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Can a Cracked Tooth Be Fixed?

Dental accidents can happen any time, even if you take good care of your teeth.

If you've been injured in the mouth or you bit into something too hard, there's a risk that you might have a chipped or cracked tooth. Even if you can't see any damage, a small crack can weaken your tooth and make it feel more sensitive and painful.[1]

The good news is, a cracked tooth can sometimes be fixed. This depends on how severe the damage is, how soon you can see a dentist and knowing what to do in a dental emergency.[1]

What to do if your tooth gets cracked

It's recommended that you contact a dentist after any injury to your mouth, even if there's no visible damage to your teeth. They may be able to offer valuable advice over the phone about what to do in your situation to improve the chance of a full recovery and prevent complications such as infections. They may also schedule an appointment for you at the dental clinic to give you a professional check-up.[2]

If your tooth is chipped or cracked, you should not try to fix the injury yourself, as this could cause further damage. If any large pieces of the tooth have broken off, you can store these in a container with milk to keep them moist (not water) and bring them with you to your appointment, as there's a chance your dentist may be able to reattach them.[2]

How your dentist can help

Cracks in teeth weaken their structure and can make them more vulnerable to decay. If your dentist notices any cracks in your teeth, they'll discuss the most suitable treatments to fix it. These may include:[3]

  • Bonding to seal minor cracks
  • A white filling to fill in a larger crack or cavity
  • A dental crown to cover a damaged or weakened tooth and restore its original shape and strength
  • Dental veneers to cover up small cracks or chips in teeth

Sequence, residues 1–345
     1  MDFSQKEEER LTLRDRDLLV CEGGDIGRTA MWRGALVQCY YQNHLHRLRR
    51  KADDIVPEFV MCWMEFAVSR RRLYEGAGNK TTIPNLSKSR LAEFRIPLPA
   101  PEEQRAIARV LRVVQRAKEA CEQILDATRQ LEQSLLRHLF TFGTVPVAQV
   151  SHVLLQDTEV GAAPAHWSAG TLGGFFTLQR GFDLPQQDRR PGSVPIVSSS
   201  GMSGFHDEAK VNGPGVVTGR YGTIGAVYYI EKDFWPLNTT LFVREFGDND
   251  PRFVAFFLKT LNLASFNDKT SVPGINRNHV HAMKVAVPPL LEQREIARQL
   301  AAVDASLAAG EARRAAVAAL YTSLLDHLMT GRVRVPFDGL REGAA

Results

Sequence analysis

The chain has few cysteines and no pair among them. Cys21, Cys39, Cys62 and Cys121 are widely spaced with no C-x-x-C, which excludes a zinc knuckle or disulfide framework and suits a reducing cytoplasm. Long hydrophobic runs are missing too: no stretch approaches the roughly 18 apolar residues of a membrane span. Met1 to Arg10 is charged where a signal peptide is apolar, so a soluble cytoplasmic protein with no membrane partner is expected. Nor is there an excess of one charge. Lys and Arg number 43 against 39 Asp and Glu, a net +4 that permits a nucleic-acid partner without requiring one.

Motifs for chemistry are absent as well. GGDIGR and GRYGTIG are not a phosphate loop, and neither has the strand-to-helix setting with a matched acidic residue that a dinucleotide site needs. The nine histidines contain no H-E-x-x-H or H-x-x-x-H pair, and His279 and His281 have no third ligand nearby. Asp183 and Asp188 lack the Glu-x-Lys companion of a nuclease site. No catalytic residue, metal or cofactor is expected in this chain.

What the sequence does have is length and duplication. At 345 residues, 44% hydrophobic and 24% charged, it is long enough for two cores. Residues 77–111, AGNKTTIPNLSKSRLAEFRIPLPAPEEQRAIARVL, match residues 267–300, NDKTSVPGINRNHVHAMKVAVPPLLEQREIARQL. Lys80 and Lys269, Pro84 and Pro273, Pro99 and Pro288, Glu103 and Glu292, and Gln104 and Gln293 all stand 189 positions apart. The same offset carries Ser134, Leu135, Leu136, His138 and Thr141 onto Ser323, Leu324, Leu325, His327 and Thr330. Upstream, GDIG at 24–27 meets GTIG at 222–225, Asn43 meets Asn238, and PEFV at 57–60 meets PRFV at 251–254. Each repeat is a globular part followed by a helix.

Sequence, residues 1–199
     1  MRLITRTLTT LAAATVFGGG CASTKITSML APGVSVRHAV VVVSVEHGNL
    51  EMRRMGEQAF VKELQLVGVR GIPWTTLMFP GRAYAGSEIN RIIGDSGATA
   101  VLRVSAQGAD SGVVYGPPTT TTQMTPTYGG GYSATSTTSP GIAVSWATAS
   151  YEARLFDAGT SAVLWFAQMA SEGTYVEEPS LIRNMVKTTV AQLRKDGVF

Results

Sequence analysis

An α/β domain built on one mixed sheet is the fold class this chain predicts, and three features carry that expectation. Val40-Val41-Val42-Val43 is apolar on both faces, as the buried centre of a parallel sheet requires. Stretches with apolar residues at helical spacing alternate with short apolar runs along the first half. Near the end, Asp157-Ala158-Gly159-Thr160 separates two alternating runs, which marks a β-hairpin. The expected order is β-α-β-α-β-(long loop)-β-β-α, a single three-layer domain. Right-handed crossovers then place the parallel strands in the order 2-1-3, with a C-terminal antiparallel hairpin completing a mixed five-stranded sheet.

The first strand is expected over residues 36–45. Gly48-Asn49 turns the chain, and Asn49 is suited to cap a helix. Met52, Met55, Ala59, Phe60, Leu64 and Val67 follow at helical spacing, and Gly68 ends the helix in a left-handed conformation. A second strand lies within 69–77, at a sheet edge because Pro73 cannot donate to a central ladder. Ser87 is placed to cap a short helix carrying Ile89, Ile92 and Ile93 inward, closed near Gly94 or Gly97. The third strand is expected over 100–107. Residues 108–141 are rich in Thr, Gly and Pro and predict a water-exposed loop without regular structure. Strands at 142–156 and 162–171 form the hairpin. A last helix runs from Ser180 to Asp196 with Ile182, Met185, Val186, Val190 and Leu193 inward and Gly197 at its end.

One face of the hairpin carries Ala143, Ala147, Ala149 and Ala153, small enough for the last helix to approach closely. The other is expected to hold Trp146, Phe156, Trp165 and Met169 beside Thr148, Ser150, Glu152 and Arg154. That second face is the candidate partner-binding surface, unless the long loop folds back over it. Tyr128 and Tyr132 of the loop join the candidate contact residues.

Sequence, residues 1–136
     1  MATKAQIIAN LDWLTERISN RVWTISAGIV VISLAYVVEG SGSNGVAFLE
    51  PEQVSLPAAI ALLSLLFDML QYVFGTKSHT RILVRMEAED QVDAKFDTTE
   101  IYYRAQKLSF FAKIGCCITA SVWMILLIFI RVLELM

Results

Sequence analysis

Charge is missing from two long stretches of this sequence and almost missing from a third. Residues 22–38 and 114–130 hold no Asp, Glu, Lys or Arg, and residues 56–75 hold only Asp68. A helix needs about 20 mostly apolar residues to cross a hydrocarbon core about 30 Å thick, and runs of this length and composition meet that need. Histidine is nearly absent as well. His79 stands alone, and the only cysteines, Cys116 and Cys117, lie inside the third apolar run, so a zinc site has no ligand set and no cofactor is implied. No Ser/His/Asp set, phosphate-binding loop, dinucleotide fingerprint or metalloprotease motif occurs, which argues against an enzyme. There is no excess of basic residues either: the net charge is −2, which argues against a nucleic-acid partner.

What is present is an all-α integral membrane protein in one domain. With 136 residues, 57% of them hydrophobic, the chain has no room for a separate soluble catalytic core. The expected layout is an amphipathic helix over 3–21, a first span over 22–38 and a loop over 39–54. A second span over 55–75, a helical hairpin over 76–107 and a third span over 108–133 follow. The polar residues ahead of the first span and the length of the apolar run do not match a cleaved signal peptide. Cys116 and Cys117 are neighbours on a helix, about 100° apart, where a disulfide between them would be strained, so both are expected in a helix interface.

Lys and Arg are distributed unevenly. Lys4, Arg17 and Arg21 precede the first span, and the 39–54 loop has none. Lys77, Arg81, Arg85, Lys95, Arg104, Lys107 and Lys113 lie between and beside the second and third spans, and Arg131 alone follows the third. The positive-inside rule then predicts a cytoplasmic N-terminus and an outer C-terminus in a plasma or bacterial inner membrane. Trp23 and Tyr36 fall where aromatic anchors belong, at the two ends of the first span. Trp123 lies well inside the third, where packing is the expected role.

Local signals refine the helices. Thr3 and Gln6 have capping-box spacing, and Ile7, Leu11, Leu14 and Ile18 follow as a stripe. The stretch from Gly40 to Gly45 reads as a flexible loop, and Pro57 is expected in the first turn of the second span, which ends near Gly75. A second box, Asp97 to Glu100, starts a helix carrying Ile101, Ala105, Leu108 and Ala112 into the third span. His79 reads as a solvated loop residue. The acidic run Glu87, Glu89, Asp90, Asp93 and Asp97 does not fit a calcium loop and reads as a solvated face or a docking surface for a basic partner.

Your dentist will make sure you understand what these treatments involve, what the chances of success are and any associated risks, so you can make a decision you're happy with.[4]

How to prevent dental injuries

Prevention is the best cure for dental injuries. While you can't always avoid accidents, you can take steps to lower the risk of your teeth getting chipped or cracked when you follow your dentist's advice. They can also discuss preventive treatments to help protect your teeth.

Wearing a sports mouthguard is recommended if you or your children play contact sports or other activities that put your teeth at risk of injury. These can be custom-made by your dentist to be the right fit for your mouth.[5]

You should also avoid grinding or clenching your teeth, eating very hard or crunchy foods such as nuts or seeds and biting objects such as fingernails or ice cubes. All of these can damage your teeth.[5]

Talk to a dentist in Sydney CBD

If you need to see an emergency dentist in Sydney, or it's time for your regular check-up, contact our friendly team at Sydney CBD Dental on George Street.

Call us on (02) 9232 3900 or make an appointment online.

References

[1] Australian Dental Association. Dental Trauma and First Aid [Online] 2017 [Accessed October 2018] Available from: https://www.ada.org.au/Your-Dental-Health/Younger-Adults-18-30/Sports-and-First-Aid

[2] Australian Dental Association. Dental First Aid: How to handle a dental emergency [Online] 2016 [Accessed October 2018] Available from: https://www.ada.org.au/getattachment/Your-Dental-Health/Resources-for-Professionals/Resources-for-Teens-12-17/dental-first-aid-how-to-handle-a-dental-emergency/Dental-first-aid,-how-to-handle-a-dental-emergency.pdf.aspx

[3] Australian Dental Association. Whitening, Crowns and Veneers [Online] 2017 [Accessed October 2018] Available from: https://www.ada.org.au/Your-Dental-Health/Younger-Adults-18-30/Teeth-Whitening,-Crowns-and-Veneers

[4] Healthdirect. Guide to dental procedures [Online] 2017 [Accessed October 2018] Available from: https://www.healthdirect.gov.au/guide-to-dental-procedures

[5] American Association of Endodontists. Cracked Teeth [Online] 2013 [Accessed October 2018] Available from: https://www.aae.org/patients/dental-symptoms/cracked-teeth/